Wednesday, June 25, 2008

Thinks to think

I was walking along with a friend earlier this evening, pushing Q's chair, which happened to be empty at the time. A female voice said from behind, "You don't know how lucky you are, young lady in pink. [me]" I turned and smiled. "Years ago all we had was a tiny rig with wheels this big," she holds up her hands to show a diameter of about three inches. "Just little and flimsy. There wasn't anything like this," and she motions toward Q's stroller chair as she passed us by. "You're lucky." I'd already been grinning, as had my friend, so we both laughed and agreed as she sped on toward her destination.

There was a moment, as she passed and seemed to notice the buckles on the foot plates and the "interesting" head rest and belts, when she appeared to startle just a hair.

As she strode on, I said to my friend, under my breath, "Who's lucky?"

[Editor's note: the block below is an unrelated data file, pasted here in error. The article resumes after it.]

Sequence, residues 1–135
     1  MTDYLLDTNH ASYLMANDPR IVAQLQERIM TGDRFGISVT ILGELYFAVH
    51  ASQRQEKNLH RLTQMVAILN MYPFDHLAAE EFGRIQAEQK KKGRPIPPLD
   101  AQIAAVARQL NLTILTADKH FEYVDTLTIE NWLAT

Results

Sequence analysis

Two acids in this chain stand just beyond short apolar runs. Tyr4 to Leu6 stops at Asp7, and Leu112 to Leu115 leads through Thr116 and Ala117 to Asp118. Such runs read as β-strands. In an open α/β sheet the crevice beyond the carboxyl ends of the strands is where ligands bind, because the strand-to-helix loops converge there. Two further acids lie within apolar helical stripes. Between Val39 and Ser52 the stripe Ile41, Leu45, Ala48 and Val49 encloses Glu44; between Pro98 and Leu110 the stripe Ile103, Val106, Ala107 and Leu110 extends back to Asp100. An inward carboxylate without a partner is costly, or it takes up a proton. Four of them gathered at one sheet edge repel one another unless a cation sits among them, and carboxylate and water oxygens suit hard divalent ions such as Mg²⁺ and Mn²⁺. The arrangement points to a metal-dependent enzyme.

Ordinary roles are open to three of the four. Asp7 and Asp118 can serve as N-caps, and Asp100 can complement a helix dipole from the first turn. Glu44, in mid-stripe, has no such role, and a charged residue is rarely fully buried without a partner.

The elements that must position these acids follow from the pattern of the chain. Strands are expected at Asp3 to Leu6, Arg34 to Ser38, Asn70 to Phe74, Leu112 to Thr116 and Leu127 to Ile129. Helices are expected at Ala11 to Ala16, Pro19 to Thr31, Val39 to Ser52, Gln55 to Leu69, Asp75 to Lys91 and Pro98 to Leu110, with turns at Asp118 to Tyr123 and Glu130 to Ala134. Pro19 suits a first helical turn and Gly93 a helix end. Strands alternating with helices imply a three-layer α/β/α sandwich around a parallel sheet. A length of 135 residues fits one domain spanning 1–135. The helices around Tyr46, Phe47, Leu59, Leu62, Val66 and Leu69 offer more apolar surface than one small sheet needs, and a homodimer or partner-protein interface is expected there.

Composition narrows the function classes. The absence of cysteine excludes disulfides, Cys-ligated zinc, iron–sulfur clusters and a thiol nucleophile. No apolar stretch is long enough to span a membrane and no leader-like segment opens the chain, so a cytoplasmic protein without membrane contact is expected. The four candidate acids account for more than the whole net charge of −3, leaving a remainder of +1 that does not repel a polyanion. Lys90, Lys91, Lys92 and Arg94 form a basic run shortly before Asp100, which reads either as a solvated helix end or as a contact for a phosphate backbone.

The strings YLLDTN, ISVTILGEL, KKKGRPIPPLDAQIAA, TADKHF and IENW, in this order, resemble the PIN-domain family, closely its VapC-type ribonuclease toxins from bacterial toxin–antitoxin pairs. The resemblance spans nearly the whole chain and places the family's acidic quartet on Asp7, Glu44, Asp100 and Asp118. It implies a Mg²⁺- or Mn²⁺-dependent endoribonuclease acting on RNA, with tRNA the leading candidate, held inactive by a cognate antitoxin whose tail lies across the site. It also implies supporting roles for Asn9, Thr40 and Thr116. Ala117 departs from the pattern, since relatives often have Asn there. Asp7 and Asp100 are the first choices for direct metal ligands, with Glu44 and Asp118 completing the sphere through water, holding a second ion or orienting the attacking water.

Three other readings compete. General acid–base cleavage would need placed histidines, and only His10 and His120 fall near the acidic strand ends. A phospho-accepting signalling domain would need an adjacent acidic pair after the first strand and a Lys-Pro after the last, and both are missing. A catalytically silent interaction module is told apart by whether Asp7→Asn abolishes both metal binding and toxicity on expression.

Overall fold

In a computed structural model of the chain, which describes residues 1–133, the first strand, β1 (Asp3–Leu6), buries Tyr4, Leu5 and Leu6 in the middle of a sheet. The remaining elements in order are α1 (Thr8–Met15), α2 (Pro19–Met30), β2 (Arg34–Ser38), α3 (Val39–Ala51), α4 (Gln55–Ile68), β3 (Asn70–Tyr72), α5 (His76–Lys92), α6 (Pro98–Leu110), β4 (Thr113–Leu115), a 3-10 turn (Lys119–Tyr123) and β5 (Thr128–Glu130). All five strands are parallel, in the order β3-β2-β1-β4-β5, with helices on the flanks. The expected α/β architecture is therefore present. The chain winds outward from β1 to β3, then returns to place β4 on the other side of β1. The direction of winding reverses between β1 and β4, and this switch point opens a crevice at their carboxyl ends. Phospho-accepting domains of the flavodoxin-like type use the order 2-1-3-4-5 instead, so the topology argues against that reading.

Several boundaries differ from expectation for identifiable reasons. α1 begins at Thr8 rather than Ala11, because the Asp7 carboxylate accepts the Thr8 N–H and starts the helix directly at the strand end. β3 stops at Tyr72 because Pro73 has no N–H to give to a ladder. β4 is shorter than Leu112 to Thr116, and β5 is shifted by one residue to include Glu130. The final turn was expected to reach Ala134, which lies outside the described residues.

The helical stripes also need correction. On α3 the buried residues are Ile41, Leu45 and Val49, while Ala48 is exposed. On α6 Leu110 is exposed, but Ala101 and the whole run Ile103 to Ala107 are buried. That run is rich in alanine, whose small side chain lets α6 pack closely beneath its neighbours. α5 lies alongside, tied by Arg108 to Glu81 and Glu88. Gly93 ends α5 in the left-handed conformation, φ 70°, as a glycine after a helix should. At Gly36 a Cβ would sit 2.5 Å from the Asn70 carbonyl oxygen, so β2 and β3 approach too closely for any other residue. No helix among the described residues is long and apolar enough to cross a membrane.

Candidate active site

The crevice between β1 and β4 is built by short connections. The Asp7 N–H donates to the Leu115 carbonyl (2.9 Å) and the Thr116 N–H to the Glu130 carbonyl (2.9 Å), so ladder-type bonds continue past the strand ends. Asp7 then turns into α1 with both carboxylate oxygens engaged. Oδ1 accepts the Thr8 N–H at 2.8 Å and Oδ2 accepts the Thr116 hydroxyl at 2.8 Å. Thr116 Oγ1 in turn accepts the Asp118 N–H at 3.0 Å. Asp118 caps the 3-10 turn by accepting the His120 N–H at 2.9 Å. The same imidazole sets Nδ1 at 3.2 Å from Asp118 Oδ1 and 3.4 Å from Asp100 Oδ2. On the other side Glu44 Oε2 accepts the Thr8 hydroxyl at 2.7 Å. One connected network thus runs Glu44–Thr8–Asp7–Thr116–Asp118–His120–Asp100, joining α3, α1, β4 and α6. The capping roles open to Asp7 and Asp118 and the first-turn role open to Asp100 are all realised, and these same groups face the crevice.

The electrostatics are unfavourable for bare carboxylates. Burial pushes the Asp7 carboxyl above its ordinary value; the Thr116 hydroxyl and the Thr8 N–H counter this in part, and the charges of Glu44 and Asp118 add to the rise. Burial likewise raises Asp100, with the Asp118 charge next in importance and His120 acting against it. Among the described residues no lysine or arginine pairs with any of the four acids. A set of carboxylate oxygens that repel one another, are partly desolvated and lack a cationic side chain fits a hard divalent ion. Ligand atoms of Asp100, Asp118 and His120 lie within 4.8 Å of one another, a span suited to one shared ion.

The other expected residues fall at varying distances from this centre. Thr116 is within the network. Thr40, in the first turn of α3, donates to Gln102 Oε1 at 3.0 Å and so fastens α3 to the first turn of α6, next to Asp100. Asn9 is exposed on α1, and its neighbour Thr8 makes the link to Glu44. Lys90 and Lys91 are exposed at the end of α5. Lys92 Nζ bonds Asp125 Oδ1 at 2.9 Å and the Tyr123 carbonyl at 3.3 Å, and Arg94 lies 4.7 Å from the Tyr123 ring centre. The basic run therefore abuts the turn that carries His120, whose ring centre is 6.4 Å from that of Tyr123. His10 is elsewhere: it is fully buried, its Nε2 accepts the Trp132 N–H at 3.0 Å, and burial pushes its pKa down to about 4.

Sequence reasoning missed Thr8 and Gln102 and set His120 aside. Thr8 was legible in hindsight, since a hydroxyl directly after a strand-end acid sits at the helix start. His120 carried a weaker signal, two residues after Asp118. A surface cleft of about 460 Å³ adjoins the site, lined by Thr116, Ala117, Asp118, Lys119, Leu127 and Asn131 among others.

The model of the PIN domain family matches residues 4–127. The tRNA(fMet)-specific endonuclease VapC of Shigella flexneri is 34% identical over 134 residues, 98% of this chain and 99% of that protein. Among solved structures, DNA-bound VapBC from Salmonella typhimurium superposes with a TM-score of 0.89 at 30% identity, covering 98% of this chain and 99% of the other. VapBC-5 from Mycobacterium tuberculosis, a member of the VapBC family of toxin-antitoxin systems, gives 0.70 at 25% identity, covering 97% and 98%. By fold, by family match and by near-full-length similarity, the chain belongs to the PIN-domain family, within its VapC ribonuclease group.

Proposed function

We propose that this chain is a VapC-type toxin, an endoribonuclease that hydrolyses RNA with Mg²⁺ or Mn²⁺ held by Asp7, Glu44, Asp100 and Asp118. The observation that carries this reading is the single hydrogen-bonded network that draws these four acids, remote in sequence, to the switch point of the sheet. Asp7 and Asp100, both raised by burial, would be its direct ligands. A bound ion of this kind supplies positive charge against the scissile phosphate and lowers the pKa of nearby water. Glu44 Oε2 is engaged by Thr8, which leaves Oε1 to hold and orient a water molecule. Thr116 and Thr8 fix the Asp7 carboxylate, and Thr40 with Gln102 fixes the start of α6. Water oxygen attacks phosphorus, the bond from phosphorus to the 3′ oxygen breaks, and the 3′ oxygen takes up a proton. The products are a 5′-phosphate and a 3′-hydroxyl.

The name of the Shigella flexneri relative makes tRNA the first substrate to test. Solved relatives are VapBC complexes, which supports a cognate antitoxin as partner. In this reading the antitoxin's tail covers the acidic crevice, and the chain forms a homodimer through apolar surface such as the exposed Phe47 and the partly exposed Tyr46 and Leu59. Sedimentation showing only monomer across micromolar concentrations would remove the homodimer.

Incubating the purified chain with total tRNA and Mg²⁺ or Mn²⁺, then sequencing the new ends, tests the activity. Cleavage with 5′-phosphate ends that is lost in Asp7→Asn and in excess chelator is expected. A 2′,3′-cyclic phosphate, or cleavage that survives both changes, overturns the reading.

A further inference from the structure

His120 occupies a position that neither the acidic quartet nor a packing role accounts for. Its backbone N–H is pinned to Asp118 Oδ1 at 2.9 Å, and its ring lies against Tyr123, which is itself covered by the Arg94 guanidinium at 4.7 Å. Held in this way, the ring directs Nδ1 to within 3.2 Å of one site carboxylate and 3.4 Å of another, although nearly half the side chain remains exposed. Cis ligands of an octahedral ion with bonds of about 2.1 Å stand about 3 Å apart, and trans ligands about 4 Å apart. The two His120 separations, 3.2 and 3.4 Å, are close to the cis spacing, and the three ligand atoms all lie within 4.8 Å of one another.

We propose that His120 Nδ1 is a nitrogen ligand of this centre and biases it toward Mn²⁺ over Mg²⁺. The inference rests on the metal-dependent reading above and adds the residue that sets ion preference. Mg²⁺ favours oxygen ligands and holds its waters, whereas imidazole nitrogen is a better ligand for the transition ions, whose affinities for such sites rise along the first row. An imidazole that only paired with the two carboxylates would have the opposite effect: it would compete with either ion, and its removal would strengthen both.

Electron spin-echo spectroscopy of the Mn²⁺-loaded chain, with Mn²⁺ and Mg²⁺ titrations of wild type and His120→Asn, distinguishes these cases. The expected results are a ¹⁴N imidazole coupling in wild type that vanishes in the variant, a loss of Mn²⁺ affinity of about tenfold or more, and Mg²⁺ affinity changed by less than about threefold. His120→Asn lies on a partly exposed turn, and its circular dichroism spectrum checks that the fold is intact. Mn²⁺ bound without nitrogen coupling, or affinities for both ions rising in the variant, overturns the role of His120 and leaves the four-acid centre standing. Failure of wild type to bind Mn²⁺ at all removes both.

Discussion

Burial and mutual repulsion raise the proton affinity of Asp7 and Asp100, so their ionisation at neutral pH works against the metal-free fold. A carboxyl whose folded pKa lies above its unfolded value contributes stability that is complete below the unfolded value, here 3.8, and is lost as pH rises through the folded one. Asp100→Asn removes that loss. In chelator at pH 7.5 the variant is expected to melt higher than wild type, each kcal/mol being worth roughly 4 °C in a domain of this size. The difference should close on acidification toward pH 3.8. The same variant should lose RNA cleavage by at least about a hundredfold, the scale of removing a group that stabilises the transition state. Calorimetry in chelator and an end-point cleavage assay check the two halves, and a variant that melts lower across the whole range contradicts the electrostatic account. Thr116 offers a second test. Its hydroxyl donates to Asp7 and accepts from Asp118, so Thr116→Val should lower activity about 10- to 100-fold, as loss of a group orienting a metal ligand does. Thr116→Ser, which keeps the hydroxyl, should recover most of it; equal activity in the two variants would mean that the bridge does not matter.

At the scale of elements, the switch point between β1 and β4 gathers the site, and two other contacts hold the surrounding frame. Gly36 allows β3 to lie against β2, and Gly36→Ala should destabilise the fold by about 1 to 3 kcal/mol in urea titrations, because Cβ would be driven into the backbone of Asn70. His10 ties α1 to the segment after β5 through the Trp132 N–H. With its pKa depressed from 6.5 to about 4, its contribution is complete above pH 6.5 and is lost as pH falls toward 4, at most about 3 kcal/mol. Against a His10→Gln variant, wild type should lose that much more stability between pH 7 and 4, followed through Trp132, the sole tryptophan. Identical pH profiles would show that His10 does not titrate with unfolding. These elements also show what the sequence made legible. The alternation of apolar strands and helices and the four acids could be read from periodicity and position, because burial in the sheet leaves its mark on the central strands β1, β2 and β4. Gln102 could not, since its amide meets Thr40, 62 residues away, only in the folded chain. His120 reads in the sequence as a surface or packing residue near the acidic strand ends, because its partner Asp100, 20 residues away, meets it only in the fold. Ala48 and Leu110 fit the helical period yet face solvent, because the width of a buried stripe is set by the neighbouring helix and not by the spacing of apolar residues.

Yeah.

Sometimes I catch someone looking curiously at our nifty transportation contraption and I wonder what they're thinking. I usually smile and they smile back, somewhat self-consciously. The ladies at Costco were kind with Q today, telling him how cute he was, talking to him 'til he giggled and then they giggled, a predictable sequence, but one which never fails to satisfy. When loading his stroller/chair into the back of the van, with consideration for diapers and groceries, I found myself wondering again for the hundredth time what people think when they see us all out and about, kids and equipment, a disabled, sugar-sweet toddler... And the stroller/chair being lifted in and out of the back of the van with a permanent handicapped parking tag hanging from the mirror... Perhaps most people don't notice, really.